• FIFA - they 'own' the event, and all the rights (and make the most money!); they have an overlay, in terms of sponsorships, VIP's, security, etc.

  • The prospective tenants of the Stadium (which, if it is to make sense, and money, in the future, will have to include Rugby, both national - Test matches, and regional - Western Province will have to move here from Newlands), and the soccer teams that will be based from here.

  • SAIL Stade de France, who will be the operators into the future of the Stadium

Sometimes these different 'clients' have different, and even opposing requirements…

So I as I am a bear of little brain, I have made it clear & simple to me & my own team. Our clients are the people with disabilities who will use, work, and play in this stadium for the World Cup, and hopefully for many other events into the future. If they come, and they can use the facility in comfort, and safely, then we have done our little bit into this HUGE project…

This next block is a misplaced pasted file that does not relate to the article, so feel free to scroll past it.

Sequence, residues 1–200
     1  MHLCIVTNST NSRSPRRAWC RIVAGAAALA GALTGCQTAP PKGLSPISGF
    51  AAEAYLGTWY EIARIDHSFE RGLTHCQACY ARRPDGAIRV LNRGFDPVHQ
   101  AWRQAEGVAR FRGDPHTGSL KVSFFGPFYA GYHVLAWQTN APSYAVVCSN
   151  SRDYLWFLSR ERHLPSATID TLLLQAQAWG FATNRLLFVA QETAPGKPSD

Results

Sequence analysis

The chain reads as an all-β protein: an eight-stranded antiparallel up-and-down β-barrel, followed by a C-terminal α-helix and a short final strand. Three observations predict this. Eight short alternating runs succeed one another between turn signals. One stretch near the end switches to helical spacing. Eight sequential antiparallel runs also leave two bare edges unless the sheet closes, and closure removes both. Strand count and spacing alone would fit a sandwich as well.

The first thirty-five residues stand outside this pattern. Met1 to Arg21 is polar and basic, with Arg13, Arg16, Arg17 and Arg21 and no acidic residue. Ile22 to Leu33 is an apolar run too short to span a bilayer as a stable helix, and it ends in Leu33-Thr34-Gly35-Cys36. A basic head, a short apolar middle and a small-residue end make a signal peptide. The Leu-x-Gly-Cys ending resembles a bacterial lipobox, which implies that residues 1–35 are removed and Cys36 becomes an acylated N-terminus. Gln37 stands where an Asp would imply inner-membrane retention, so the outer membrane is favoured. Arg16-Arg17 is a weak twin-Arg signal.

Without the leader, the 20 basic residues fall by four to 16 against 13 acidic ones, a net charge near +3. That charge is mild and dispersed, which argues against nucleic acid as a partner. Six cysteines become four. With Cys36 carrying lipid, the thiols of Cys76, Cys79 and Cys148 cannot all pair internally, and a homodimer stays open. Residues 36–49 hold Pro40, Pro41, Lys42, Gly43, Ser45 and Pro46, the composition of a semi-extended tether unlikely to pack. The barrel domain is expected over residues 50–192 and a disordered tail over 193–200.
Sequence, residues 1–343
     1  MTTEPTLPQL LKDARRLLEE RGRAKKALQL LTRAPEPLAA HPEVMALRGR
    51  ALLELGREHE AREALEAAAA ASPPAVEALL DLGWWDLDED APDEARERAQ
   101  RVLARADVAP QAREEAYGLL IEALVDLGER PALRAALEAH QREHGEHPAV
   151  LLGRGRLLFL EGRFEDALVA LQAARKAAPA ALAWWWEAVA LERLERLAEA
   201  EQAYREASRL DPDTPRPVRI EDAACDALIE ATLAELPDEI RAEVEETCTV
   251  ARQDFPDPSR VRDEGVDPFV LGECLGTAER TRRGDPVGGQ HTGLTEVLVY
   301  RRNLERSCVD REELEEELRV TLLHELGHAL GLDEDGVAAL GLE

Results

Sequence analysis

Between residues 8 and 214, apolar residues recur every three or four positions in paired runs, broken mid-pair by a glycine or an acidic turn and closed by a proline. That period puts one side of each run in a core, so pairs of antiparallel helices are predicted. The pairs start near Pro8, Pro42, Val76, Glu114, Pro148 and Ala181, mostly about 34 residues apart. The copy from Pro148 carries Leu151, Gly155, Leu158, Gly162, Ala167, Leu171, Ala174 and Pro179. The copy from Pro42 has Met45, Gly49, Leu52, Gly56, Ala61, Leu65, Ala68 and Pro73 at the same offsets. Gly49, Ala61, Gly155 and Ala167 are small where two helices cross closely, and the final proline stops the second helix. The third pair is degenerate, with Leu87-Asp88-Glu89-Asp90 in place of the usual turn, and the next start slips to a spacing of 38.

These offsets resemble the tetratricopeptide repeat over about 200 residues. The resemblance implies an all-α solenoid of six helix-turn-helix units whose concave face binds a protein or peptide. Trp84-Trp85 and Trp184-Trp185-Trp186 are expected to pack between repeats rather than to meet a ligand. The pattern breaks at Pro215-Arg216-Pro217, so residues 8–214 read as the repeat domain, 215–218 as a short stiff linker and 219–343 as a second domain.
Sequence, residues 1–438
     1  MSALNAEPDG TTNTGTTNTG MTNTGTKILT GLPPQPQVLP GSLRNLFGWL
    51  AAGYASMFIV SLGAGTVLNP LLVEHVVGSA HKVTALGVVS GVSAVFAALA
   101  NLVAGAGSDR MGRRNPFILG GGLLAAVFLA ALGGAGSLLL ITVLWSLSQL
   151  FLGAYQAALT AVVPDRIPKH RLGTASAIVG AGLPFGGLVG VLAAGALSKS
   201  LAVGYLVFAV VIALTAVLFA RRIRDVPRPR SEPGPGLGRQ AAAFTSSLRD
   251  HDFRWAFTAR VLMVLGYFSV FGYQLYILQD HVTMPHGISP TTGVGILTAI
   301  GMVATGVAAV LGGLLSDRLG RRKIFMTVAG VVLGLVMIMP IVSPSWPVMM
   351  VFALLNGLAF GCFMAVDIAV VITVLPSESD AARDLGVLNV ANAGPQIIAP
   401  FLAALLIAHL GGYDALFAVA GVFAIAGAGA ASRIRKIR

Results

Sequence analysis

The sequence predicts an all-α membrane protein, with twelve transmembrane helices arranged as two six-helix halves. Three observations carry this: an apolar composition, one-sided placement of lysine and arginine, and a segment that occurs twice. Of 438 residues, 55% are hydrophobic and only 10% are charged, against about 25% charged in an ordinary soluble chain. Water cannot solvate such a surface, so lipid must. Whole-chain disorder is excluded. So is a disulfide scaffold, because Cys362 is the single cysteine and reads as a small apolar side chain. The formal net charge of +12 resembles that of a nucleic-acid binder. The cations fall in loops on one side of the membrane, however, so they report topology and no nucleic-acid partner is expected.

I wish we had more time now, to appreciate the privilege of being able to work on these projects. Hopefully these Stadia will be still standing, and providing entertainment (and jobs!,) to a huge number of people, long after I have shuffled off...

Wednesday, August 19, 2009

Greenpoint Stadium & Precinct

I was having a chat with a few people today, and it is clear that there is very little information available about some of the new developments connected to 2010. I shall try to post some more info on some of the projects that we are involved with.

For a taste, this diagram below, gives the design for the precinct around Greenpoint stadium, it is not just a stadium, but there is so much more that that.